Residents of Upper Manhattan came together last week to discuss how the community can move forward following the December stabbing death of first year Barnard College student Tessa Majors.
The max capacity crowd packed the Police Athletic club in Harlem for the forum — which was organized by Manhattan Borough President Gale Brewer’s office and Friends of Morningside Park — and listened to updates from city and neighborhood leaders before breaking out into smaller groups to talk about what they would like to see implemented in the community.
The evening’s conversation produced a variety of answers to two primary questions: How can Morningside Park be a safe place for residents? And, what can be done to engage young people in the neighborhood and set them up to become successful, active members of their community?
Out of the 17 robberies that took place in Morningside Park last year, twelve were committed by juveniles, Captain Aneudy Castillo, who serves as the commanding officer of the NYPD’s 26th precinct, told those in attendance Wednesday. He said juveniles played an outsized role in all of robberies in his precinct last year, committing 60 percent of the total robberies.
Majors, police say, was a victim of one of these robberies that went awry while she was walking through Morningside Park on Dec. 11. Three boys, 13 to 14 years old, allegedly accosted her, attempting to rob her when one of the boys stabbed her repeatedly in the stomach. The 13-year-old — who is not believed to be the one who stabbed Majors — has been charged with felony murder after police questioned him without an attorney present. A grand jury was impaneled last week to consider potential evidence again the two 14-year-old boys who police questioned and released, according to the Daily News.
One such piece of evidence is the DNA sample investigators took from the scene. Authorities hoped the DNA evidence would directly tie the 14-year-old suspect to the stabbing, but after testing the DNA, the sample was found to be inconclusive, according to a report from the New York Post.
The police have implemented some crime prevention measures in the park since the murder, Castillo said. Six light towers and six security cameras have been installed in the park and around its perimeter. The precinct has also increased its presence in the area.
Council Member Mark Levine said he was working on securing funding to install better security cameras in the park that could be monitored by police in real time. He said the cameras in the park currently are of lower quality and he would want to install Argus model cameras, which cost $35,000 a piece, to stream video straight to the 26th precinct.
Levine said he was heartbroken over the death of Majors, and was “doubly devastated” by the young ages of the suspects.
“We're still awaiting details on that investigation, but it's not too soon to say that we are not doing enough for the young people of northern Manhattan,” said Levine. He said he wanted every student to have access to after school programs and to offer more jobs to teenagers.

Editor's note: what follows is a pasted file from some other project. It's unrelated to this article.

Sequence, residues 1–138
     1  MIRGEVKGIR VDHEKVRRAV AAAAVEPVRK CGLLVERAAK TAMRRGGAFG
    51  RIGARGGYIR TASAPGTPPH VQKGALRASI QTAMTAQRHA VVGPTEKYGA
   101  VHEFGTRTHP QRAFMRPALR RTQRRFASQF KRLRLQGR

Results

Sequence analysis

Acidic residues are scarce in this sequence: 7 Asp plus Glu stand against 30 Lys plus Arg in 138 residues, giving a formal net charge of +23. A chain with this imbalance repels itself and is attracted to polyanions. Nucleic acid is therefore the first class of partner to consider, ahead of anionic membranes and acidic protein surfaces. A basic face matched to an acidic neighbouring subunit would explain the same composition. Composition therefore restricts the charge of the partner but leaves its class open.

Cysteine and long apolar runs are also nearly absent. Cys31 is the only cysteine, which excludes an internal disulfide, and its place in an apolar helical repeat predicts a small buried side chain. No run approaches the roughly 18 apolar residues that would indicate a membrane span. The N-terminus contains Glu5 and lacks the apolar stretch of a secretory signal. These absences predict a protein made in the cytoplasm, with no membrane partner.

“It's outrageous that we are turning away tens of thousands of teenagers a year for summer youth employment,” he said. “Every single child who wants to work should have that opportunity.”
Brewer also laid out her hopes for what could be accomplished in the wake of this tragedy, calling for a full-time, culturally appropriate social worker to be placed in every school in the city and for sustainable youth programming.
“It often takes horrible tragedy to bring people together,” said Brewer. “That's the worst part.”
The attendees were broken into smaller groups to discuss their ideas on topics such as public safety, restorative practices, unity and bridge building, parking improvements, and youth engagement.
The public safety group echoed the desire for better lighting in the park, but raised the concern that the cameras proposed by Levine could be used for surveillance and over-policing.
In talking about restorative practices, officials from the Department of Education led a discussion about creating a school culture in which students feel comfortable and safe to share their feelings with peers and teachers.
The unity and bridge building group said it was important to build stronger relationships with Columbia University and Barnard College. The group said that in recent years it has felt that Columbia cared more about property than the people who live in the community, and it’s a dynamic they want to change.
About a dozen middle and high school students crowded a table for the discussion on youth engagement, standing up and sharing what kind of programs and opportunities they would like to see offered in the community. Several mentioned wanting more job opportunities and college tours. Cooking classes, mentorship programs and a quiet place for homework and studying also made the list.
One of the students, Phanuel, said there should be more volunteer opportunities for students.
“We could go out and help the community recycle,” he said. “We could help the elderly.”
Community Board 10 Chair Cicely Harris said her group, which was tasked with identifying resource gaps in the community, left their discussion committed to directly connecting with a young person. She said creating a program alone won’t fix everything, and establishing bonds and relationships must be the foundation of their work.
“That’s where we have to start,” said Harris. “We are going to walk out of this meeting here and connect one young person to an activity, a program or to someone who will benefit their lives — and that just might be you."
“We could go out and help the community recycle. We could help the elderly.” Student at the meeting